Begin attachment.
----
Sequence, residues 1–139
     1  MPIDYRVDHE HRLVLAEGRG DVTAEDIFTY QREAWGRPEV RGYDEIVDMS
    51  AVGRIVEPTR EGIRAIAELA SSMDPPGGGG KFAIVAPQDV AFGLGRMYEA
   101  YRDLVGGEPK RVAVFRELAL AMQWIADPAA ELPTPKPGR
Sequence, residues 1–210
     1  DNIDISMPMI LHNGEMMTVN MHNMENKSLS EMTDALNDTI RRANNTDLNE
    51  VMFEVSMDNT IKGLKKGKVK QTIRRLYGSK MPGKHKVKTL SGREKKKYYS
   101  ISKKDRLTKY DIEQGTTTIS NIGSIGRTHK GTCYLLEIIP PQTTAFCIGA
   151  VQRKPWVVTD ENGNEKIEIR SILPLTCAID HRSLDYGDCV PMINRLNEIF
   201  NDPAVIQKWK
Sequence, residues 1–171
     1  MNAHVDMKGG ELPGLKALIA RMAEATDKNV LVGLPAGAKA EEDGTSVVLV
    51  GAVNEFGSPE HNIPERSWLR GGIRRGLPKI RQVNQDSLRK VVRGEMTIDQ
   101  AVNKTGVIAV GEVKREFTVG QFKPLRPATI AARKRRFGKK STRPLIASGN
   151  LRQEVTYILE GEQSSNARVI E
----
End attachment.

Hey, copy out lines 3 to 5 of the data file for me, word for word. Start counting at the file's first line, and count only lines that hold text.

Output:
    51  AVGRIVEPTR EGIRAIAELA SSMDPPGGGG KFAIVAPQDV AFGLGRMYEA
   101  YRDLVGGEPK RVAVFRELAL AMQWIADPAA ELPTPKPGR
Sequence, residues 1–210